Golomb coding is a lossless data compression method using a family of data compression codes invented by Solomon W. Golomb in the 1960s. Alphabets following a geometric distribution will have a Golomb code as an optimal prefix code, making Golomb coding highly suitable for situations in which the occurrence of small values in the input stream is significantly more likely than large values.
Rice coding (invented by Robert F. Rice) denotes using a subset of the family of Golomb codes to produce a simpler (but possibly suboptimal) prefix code. Rice used this set of codes in an adaptive coding scheme; "Rice coding" can refer either to that adaptive scheme or to using that subset of Golomb codes. Whereas a Golomb code has a tunable parameter that can be any positive integer value, Rice codes are those in which the tunable parameter is a power of two. This makes Rice codes convenient for use on a computer since multiplication and division by 2 can be implemented more efficiently in binary arithmetic.
Rice was motivated to propose this simpler subset due to the fact that geometric distributions are often varying with time, not precisely known, or both, so selecting the seemingly optimal code might not be very advantageous.
Golomb coding uses a tunable parameter M to divide an input value x into two parts: q, the result of a division by M, and r, the remainder. The quotient is sent in unary coding, followed by the remainder in truncated binary encoding. When , Golomb coding is equivalent to unary coding.
Golomb–Rice codes can be thought of as codes that indicate a number by the position of the bin (q), and the offset within the bin (r). The example figure shows the position q and offset r for the encoding of integer x using Golomb–Rice parameter M = 3, with source probabilities following a geometric distribution with p(0) = 0.2.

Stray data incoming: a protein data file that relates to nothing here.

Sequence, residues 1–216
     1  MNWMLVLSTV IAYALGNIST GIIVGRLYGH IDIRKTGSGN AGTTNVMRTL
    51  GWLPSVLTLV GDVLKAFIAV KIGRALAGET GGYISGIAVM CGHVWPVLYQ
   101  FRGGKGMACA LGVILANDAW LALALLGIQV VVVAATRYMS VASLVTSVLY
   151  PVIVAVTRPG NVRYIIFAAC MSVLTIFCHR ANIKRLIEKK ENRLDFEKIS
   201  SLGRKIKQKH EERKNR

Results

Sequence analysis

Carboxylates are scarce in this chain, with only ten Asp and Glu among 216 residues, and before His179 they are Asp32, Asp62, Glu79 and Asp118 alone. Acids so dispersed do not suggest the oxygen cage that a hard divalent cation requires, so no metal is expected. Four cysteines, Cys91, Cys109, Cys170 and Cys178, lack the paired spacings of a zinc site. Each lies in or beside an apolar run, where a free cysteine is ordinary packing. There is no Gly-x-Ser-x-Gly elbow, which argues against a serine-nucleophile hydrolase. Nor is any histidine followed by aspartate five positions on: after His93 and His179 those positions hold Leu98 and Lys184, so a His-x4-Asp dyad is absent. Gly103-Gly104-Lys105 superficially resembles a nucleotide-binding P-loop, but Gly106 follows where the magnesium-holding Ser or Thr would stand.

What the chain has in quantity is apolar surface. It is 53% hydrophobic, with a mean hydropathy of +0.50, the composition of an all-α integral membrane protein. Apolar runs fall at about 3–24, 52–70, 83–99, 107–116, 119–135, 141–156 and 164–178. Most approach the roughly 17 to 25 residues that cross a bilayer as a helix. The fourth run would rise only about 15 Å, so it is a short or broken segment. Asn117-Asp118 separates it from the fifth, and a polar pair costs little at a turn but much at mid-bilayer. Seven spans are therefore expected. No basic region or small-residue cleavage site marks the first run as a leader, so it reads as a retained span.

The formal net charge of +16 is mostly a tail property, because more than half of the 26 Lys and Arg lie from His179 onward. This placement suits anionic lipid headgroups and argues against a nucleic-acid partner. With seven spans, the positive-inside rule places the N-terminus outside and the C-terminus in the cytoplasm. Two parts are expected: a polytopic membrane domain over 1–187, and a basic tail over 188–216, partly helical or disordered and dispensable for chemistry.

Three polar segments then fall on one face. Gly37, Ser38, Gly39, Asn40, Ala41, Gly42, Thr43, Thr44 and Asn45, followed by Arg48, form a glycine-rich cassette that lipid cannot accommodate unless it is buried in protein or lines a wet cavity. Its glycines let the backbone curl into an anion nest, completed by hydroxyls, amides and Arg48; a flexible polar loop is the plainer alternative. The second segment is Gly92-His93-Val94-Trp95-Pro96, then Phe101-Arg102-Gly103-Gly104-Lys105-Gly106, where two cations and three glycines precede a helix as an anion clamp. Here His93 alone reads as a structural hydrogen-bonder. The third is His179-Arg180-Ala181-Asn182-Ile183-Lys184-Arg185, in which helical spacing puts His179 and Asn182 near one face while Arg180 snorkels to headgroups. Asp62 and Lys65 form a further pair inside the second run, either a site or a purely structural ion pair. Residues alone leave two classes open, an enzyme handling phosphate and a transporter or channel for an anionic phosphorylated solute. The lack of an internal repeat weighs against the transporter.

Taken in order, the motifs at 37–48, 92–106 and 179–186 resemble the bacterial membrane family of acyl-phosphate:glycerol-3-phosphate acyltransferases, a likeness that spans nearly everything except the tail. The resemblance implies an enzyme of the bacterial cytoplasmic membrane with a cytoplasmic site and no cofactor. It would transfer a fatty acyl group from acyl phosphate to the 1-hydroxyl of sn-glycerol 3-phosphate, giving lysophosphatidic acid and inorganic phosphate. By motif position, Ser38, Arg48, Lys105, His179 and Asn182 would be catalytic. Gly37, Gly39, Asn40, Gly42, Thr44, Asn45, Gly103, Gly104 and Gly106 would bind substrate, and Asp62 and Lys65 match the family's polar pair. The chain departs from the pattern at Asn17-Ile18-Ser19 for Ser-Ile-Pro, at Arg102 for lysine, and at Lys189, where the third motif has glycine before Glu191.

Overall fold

Formally, the two parts are given by the following expression, where x is the nonnegative integer being encoded:
Both q and r will be encoded using variable numbers of bits: q by a unary code, and r by b bits for Rice code, or a choice between b and b+1 bits for Golomb code (i.e. M is not a power of 2), with . If , then use b bits to encode r; otherwise, use b+1 bits to encode r. Clearly, if M is a power of 2 and we can encode all values of r with b bits.
The integer x treated by Golomb was the run length of a Bernoulli process, which has a geometric distribution starting at 0. The best choice of parameter M is a function of the corresponding Bernoulli process, which is parameterized by the probability of success in a given Bernoulli trial. M is either the median of the distribution or the median ±1. It can be determined by these inequalities:
which are solved by
For the example with p(0) = 0.2:
The Golomb code for this distribution is equivalent to the Huffman code for the same probabilities, if it were possible to compute the Huffman code for the infinite set of source values.
Golomb's scheme was designed to encode sequences of non-negative numbers. However it is easily extended to accept sequences containing negative numbers using an overlap and interleave scheme, in which all values are reassigned to some positive number in a unique and reversible way. The sequence begins: 0, -1, 1, -2, 2, -3, 3, -4, 4 ... The nth negative value (i.e., ) is mapped to the nth odd number ( ), and the mth positive value is mapped to the mth even number ( ). This may be expressed mathematically as follows: a positive value x is mapped to ( ), and a negative value y is mapped to ( ). Such a code may be used for simplicity, even if suboptimal. Truly optimal codes for two-sided geometric distributions include multiple variants of the Golomb code, depending on the distribution parameters, including this one.
Note below that this is the Rice–Golomb encoding, where the remainder code uses simple truncated binary encoding, also named "Rice coding" (other varying-length binary encodings, like arithmetic or Huffman encodings, are possible for the remainder codes, if the statistic distribution of remainder codes is not flat, and notably when not all possible remainders after the division are used). In this algorithm, if the M parameter is a power of 2, it becomes equivalent to the simpler Rice encoding.
Set M = 10. Thus . The cutoff is .